My “50” project is to read, starting with number 50 and working my way to number one, the top 50 of the top 100 titles on the Modern Library’s Top 100 Novels List. We’ve created a “Dave’s 50 After 50” tag, and you are welcome to read along with me.
H. Lawrence’s Women in Love is set in pre WWI Britain, and is a deep examination of British society, relations between men and women, and the interactions of propriety and desire. It continues the story of the Brangwen sisters, Ursula and Gudrun, who were first introduced in The Rainbow. Their courtship of two men in the village, Rupert Birkin, a teacher, and Gerard Crich, an industrialist, is the main story arc of the book.
The relationships are very different. Ursula and Birkin’s pairing revolves around his attachment to a former partner whose controlling ways still have him under her spell. Gudrun and Crich have a strong sexual attraction, but as time goes on, Crich is less able to connect emotionally. The denouement of both relationships and their eventual success or failure culminates in the Tyrolean Alps during a winter holiday.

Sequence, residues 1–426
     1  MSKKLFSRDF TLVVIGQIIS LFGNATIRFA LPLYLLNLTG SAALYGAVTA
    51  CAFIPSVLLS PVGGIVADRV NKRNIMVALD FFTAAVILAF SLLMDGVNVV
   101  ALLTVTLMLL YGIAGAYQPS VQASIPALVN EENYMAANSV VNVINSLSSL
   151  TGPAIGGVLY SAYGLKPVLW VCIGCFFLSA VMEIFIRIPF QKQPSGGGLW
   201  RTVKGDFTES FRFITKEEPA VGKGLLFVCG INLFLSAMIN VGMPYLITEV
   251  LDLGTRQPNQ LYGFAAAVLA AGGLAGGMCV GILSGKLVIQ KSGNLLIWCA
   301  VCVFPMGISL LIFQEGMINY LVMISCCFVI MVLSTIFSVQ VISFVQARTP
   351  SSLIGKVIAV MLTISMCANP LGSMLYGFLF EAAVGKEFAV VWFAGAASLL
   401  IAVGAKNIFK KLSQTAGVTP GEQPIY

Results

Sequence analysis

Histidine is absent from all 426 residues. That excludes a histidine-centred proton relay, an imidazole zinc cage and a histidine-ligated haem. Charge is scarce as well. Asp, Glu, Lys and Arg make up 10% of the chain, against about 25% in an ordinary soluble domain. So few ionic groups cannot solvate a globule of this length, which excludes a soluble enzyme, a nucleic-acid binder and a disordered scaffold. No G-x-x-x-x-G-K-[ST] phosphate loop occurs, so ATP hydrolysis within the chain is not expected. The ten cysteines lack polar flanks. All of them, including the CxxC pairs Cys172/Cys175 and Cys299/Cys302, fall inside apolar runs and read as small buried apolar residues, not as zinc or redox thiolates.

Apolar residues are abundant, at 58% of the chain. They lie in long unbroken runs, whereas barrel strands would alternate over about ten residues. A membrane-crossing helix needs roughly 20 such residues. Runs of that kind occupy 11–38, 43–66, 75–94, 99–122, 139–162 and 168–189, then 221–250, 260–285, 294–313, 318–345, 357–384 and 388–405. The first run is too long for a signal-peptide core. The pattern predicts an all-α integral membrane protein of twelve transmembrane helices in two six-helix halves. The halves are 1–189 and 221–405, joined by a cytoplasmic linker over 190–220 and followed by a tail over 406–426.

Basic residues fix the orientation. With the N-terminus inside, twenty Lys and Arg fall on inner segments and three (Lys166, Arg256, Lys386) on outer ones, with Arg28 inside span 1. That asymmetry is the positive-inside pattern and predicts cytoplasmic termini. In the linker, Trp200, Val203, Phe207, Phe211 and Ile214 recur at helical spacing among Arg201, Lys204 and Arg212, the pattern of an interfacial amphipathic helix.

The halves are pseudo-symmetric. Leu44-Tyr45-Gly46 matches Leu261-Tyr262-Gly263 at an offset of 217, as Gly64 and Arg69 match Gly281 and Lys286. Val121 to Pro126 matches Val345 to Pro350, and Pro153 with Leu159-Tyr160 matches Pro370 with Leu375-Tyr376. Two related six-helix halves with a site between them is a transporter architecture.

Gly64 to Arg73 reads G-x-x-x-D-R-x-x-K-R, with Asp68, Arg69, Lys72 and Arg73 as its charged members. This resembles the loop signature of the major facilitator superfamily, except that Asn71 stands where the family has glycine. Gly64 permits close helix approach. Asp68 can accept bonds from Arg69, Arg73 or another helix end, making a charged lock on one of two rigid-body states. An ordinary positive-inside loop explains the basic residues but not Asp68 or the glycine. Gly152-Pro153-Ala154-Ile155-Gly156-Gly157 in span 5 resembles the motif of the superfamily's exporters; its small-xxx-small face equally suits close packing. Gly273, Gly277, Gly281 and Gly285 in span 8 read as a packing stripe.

This is a book which is clearly “of its era”. It’s a fascinating glimpse into British society and the conflict between social and sexual mores of the time. It dives deeply into a person’s relationship between their will, intellect, and desire. Can one integrate all three? Is it best to follow your intellect, or your desire? How do you “will” yourself do something you don’t desire, or to control your desire to do something your intellect knows is wrong? The juxtaposition of both relationships at times draws the other in sharp relief.
H. Lawrence’s Women in Love is a great book, though a bit dated in its concerns with morality. I preferred it very slightly to the 50th book of the top 50, Tropic of Cancer.
As a work in the United States public domain, Women in Love is available as a free ebook download from Project Gutenberg.